In an 8 to 3 vote Tuesday, California's Senate Committee on Governmental Organization took another step towards passing SB30 that bars any business involved with building the barrier wall between the U.S. and Mexico from doing business with California. SB30 be heard next by the Senate Appropriations Committee .
SB30 is sponsored by Sen. Ricardo Lara (D-Bell Gardens) is one of two bills taking aim at contractors who choose to work on the border wall.
The second bill, Assembly Bill 946 by Assemblyman Phil Ting, (D- San Francisco), would force the state to drop its pension investments in any companies involved in the project. Assembly Bill 946 will be heard in the Assembly Committee on Public Employees, Retirement & Social Security on May 3.
The bills seek to use California’s bargaining power to urge companies to take the side of taxpayers who would be expected to pay for the wall. Despite Trump’s claims that Mexico would pay for the wall, his 2017 budget plan includes a $2 billion down payment for the wall, and the eventual cost could be more than $21 billion, according to Department of Homeland Security documents. That is approximately the same as the Marine Corps’ entire budget ($23.6 billion).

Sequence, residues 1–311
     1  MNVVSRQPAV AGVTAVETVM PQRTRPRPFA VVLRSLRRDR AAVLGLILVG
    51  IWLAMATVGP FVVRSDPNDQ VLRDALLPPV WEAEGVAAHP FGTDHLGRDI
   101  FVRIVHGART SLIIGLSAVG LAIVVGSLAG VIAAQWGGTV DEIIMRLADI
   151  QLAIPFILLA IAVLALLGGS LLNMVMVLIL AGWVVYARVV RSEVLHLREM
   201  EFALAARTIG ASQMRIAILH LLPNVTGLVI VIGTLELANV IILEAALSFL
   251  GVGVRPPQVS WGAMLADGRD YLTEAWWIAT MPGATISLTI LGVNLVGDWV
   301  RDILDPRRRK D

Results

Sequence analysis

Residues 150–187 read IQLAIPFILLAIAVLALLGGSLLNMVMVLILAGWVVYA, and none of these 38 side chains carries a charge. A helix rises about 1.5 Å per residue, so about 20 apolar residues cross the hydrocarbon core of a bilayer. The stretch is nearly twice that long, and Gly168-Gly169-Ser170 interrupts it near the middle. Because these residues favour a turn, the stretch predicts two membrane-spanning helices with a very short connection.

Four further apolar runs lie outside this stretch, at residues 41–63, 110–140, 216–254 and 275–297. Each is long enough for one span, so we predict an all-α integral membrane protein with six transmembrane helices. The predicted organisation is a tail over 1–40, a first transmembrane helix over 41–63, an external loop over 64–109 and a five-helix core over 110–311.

Lobbyists for contractors spoke out against the bill Tuesday at a hearing of the Senate Committee on Governmental Organization , saying it would create a slippery slope.
"This is precedent setting," said Todd Bloomstine, of the Southern California Contractors Association. "What next unpopular project would we blacklist for contractors?"
Sen. Bill Dodd, (D- Napa), said that as a former contractor, he sympathized with those who felt they were caught in the political crossfire. But, he said, "I just believe at this point in our history we have to take a stand for something."